ROME, JUNE 15, 2007 (Zenit.org).- Here is a translation of a commentary by the Pontifical Household preacher, Capuchin Father Raniero Cantalamessa, on the readings from this Sunday’s liturgy.
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A Woman Came With an Alabaster Flask of Ointment
11th Sunday in Ordinary Time
2 Samuel 12:7-10,13; Galatians 2:16,19-21; Luke 7:36-8:3
There are some Gospel passages where the teaching is so much connected to the action that the former cannot be fully understood if it is detached from the latter.
The episode of the sinful woman in the house of Simon the Pharisee that will be read at Mass this Sunday is one of these. The opening scene is silent; there are no words, only silent gestures: A woman enters with an alabaster flask of ointment. She nestles at Jesus’ feet, washes them with tears, dries them with her hair, and kissing them, douses them with the ointment from her flask.
She is almost certainly a prostitute, because at that time this was what was meant when the term “sinful” was applied to a woman.
At this point the focus turns to the Pharisee who invited Jesus to dinner. The scene is still silent, but only in appearance. The Pharisee is “speaking to himself”: “When the Pharisee who had invited him saw this he said to himself, ‘If this man were a prophet, he would know who and what sort of woman this is who is touching him, that she is a sinner.'”
The Gospel then takes Jesus’ word so as to present his judgment on the actions of the woman and on the thoughts of the Pharisee, and it does this with a parable: “‘A creditor had two debtors: One owed him five hundred denarii and the other fifty. Not having anything to pay him with, the creditor forgave both of them their debts. Who will love him more?’ Simon answered: ‘I suppose the one who he forgave the most.’ Jesus said to him, ‘You have judged well.'”
Jesus first of all allows Simon to be convinced that he is in fact a prophet since he read the thoughts in his heart; at the same time, with the parable, he is preparing everyone to understand what he is about to say in defense of the woman: “‘For this reason I say to you her many sins are forgiven her because she has loved much. But the one to whom little is forgiven, loves little.’ Then he said to her, ‘Your sins are forgiven you.'”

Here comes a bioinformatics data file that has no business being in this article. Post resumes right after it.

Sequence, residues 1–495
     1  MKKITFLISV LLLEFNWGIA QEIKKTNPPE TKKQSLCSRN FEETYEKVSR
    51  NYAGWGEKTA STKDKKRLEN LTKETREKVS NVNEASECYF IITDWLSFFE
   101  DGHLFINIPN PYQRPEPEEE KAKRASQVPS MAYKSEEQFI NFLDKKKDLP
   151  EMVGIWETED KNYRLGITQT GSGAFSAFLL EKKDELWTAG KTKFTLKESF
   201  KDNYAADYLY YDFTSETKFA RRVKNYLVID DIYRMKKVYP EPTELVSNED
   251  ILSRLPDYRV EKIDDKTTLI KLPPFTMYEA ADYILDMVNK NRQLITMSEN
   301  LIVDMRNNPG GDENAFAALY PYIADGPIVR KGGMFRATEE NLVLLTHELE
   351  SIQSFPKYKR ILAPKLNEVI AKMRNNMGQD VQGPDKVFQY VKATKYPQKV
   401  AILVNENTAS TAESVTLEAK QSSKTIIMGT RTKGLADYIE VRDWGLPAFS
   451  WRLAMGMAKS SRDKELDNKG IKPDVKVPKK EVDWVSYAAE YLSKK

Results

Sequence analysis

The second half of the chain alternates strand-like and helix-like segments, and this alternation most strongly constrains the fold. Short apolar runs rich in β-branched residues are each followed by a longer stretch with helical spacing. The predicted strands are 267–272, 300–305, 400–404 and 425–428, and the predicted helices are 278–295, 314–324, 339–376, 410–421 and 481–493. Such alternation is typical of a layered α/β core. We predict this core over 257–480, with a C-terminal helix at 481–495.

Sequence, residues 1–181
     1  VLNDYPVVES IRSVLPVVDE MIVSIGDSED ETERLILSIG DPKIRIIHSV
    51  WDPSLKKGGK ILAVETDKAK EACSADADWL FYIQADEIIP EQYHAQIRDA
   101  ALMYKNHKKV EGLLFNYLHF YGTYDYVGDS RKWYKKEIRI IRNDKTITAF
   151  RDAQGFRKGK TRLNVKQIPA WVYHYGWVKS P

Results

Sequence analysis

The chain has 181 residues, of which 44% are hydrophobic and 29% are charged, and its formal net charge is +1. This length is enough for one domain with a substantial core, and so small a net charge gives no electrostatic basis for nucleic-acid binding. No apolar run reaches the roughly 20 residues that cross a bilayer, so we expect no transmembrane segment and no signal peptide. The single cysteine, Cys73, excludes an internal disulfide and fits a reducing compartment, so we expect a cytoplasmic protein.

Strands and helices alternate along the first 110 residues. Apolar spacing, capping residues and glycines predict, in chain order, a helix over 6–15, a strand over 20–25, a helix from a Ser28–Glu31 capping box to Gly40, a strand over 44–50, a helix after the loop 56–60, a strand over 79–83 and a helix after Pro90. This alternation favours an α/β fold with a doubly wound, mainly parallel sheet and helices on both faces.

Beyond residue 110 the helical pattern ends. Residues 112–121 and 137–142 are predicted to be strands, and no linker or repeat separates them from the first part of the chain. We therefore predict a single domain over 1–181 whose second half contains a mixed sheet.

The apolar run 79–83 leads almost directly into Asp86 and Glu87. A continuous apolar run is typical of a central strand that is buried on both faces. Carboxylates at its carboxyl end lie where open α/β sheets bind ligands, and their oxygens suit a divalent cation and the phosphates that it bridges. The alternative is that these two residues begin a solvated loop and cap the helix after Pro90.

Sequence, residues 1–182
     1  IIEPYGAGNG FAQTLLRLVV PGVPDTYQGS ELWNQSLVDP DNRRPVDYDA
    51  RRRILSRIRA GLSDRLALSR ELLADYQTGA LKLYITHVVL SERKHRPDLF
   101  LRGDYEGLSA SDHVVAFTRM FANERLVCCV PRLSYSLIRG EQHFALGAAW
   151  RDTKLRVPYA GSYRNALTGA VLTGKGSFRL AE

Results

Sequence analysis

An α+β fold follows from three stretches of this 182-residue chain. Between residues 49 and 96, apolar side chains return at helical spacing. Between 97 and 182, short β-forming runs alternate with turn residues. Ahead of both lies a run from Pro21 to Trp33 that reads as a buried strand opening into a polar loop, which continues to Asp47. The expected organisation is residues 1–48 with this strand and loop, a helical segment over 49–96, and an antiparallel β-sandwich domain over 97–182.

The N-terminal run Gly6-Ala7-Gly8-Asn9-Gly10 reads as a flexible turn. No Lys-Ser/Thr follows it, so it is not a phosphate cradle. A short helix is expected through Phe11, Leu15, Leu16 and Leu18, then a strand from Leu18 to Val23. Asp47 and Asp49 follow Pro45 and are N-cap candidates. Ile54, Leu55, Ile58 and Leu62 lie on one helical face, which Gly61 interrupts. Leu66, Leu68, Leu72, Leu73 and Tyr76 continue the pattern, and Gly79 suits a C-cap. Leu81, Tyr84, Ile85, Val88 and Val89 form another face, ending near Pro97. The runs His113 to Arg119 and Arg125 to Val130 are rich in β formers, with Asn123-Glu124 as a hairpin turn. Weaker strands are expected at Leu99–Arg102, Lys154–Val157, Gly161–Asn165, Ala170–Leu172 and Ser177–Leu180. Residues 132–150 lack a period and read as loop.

This year is the 800th anniversary of the conversion of Francis of Assisi. What do the conversions of the sinful woman of the Gospel and Francis have to do with each other? Unfortunately, when we speak of conversion our thought goes instinctively to what one leaves behind — sin, a disordered life, atheism — but this is the effect, not the cause of the conversion.
How a conversion happens is perfectly described by Jesus in the parable of the hidden treasure: “The kingdom of heaven is like a treasure hidden in a field; a man finds it and hides it again, then he goes, full of joy, and sells all he has and buys the field.” It is not said that “a man sold everything he had and then went out in search of a hidden treasure.”
We know how the stories that begin this way end. One loses everything he has and does not find any treasure. These are stories of deluded people, visionaries. No, a man finds a treasure and sells all he has to acquire it. In other words, it is necessary to have found a treasure in order to have the strength and the joy to sell all.
This is done with a heart “full of joy,” like the man about whom the Gospel speaks. This is how it happened for the sinful woman of the Gospel and for Francis of Assisi. Both had met Jesus and it is this that gave them the strength to change.
The point of departure of the sinful woman of the Gospel and Francis seems to have been different, but this difference was an appearance, external. Deep down it was the same. The woman and Francis, like all of us after all, were searching for happiness and they saw that the life they were leading did not make them happy, but rather it left dissatisfaction and an emptiness in the depths of their heart.
I was reading recently the story of the famous convert of the 19th century, Hermann Cohen, a brilliant musician, idolized as a the young prodigy of his time in the salons of central Europe: a kind of modern version of the young Francis.
After his conversion he wrote to a friend: “I looked for happiness everywhere: in the elegant life of the salons, in the deafening noise of balls and parties, in accumulating money, in the excitement of gambling, in artistic glory, in friendship with famous people, in the pleasures of the senses. Now I have found happiness, I have an overflowing heart and I want to share it with you. … You say, ‘But I don’t believe in Jesus Christ.’ I say to you, ‘Neither did I and that is why I was unhappy.'”
Conversion is the way to happiness and a full life. It is not something painful, but the greatest joy. It is the discovery of the hidden treasure and the pearl of great price.